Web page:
“Reimagining New York City’s Monuments”
Darren Walker, President, The Ford Foundation
On Friday, June 8, the Frick presented a conversation both critical and timely, following months of national dialogue surrounding the removal and recontextualization of Confederate monuments across the country.
Darren Walker, The Ford Foundation, in conversation with Rachel Himes, The Frick Collection, considered the power of monuments as reflections of our historic past and as markers of who we aspire to become. Walker discussed his recent role as co-chair of New York City’s Mayoral Advisory Commission on City Art, Monuments, and Markers, recalling the many challenges he and his fellow commissioners faced. His commitment, he said, is defined by an insistence upon reducing inequality in the world.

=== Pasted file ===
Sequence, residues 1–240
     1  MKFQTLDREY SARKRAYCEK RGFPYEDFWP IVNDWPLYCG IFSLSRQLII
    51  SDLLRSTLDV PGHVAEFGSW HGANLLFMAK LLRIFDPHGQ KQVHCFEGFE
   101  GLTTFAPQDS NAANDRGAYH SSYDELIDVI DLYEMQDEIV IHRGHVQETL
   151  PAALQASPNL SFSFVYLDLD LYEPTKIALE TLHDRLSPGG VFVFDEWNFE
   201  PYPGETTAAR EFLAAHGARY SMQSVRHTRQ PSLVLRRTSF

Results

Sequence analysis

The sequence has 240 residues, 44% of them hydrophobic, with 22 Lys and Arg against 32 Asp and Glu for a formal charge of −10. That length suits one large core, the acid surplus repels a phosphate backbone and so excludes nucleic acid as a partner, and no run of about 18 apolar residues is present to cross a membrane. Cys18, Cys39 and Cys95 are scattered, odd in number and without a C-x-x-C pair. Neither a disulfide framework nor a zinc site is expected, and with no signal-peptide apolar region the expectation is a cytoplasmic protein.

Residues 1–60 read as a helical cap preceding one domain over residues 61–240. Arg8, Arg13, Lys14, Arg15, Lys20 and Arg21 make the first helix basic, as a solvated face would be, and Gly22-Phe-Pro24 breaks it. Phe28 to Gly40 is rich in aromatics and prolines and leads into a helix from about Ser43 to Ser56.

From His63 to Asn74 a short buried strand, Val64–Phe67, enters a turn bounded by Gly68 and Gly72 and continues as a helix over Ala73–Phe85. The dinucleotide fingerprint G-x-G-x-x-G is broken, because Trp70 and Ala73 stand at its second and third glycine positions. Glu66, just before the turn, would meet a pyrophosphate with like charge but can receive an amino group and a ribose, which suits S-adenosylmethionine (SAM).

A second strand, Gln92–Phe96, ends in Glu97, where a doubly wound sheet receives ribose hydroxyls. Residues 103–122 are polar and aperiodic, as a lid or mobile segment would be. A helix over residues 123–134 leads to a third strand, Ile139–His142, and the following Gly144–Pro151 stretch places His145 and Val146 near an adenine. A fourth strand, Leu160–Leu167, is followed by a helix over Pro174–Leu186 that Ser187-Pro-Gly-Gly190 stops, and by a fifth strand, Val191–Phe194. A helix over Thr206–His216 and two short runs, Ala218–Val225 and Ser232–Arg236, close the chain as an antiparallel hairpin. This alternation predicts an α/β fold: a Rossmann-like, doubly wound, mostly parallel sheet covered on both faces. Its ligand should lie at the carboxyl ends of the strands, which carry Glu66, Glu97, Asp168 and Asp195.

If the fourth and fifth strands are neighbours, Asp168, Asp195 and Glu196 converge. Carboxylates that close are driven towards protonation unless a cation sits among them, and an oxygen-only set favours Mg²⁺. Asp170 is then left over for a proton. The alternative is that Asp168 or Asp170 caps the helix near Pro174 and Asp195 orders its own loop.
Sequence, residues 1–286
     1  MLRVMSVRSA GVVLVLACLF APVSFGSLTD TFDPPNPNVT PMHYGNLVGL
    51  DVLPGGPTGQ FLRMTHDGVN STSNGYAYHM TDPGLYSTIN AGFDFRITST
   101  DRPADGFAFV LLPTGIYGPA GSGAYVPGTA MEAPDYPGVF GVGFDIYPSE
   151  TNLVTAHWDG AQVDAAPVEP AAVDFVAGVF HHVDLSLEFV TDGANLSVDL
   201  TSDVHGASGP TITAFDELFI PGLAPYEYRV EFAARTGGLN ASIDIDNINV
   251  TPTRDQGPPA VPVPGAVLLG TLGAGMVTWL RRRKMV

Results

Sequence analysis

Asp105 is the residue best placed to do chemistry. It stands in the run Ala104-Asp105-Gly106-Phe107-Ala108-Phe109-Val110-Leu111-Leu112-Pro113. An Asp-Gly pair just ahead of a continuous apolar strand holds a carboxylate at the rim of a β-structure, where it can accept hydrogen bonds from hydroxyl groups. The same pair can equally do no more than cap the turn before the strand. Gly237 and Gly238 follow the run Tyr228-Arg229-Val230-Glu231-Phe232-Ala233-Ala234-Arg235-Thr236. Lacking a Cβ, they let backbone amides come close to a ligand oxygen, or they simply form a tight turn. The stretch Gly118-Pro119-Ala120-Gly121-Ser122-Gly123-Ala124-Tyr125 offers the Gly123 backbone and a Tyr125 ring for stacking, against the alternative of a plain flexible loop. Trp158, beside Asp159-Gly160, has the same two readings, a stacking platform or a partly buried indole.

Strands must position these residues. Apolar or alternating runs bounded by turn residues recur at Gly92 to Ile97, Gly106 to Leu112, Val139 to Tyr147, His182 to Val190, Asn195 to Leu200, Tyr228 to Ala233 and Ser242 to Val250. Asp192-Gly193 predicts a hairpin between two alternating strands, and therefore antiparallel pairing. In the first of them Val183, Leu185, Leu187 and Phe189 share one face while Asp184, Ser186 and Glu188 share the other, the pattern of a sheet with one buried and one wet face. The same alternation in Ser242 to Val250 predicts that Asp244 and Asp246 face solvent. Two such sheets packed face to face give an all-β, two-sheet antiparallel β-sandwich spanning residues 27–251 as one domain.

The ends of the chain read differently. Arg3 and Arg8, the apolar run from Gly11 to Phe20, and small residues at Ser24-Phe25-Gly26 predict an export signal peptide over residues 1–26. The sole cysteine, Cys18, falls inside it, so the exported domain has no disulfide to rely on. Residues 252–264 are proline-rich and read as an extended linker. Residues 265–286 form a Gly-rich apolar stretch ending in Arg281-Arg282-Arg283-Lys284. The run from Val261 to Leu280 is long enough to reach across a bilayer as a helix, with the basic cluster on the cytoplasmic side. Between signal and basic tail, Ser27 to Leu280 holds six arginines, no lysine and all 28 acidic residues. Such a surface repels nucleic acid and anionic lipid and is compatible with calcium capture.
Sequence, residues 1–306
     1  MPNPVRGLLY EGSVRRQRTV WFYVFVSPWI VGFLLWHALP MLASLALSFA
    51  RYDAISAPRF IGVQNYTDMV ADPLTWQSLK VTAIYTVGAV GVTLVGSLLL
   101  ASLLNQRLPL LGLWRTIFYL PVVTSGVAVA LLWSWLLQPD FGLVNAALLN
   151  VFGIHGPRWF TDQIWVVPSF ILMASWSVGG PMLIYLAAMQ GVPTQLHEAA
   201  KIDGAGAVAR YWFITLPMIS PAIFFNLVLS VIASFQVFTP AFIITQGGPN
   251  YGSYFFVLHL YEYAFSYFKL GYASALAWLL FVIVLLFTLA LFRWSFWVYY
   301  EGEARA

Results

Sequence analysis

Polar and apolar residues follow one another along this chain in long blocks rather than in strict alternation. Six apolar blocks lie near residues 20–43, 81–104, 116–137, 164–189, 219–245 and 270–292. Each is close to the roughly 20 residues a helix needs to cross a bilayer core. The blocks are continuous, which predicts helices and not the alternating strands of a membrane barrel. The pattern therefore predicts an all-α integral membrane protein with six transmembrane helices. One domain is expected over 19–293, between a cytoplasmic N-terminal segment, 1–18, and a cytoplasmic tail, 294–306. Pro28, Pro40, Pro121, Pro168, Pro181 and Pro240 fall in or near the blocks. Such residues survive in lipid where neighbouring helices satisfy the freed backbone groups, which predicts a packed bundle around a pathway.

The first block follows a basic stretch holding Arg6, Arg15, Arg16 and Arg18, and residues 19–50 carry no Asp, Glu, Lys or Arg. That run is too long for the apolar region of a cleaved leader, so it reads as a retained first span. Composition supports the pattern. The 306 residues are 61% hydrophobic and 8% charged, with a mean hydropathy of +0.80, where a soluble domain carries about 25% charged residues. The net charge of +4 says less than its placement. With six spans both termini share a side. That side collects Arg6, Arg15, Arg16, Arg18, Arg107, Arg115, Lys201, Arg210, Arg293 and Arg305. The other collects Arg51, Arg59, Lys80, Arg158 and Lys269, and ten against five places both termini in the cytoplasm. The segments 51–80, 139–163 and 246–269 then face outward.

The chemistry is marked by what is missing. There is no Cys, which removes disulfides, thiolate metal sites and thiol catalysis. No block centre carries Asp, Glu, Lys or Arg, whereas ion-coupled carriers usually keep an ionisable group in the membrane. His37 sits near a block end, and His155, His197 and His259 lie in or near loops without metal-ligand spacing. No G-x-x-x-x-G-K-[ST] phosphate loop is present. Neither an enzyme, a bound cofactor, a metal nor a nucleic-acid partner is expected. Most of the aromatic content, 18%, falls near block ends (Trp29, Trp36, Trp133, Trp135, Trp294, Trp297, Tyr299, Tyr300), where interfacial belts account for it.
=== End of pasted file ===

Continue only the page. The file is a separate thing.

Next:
Walker and Himes examined their own identities as African-Americans who grew up in the South, where public monuments largely reflected a culture not their own. Walker implored educators to engage critically with history and the arts. He proposed that practices of commemoration could evolve in the future to reflect the full diversity of New York City today and “ensure that the people, all of us, feel validated, uplifted, and valorized in our public spaces.”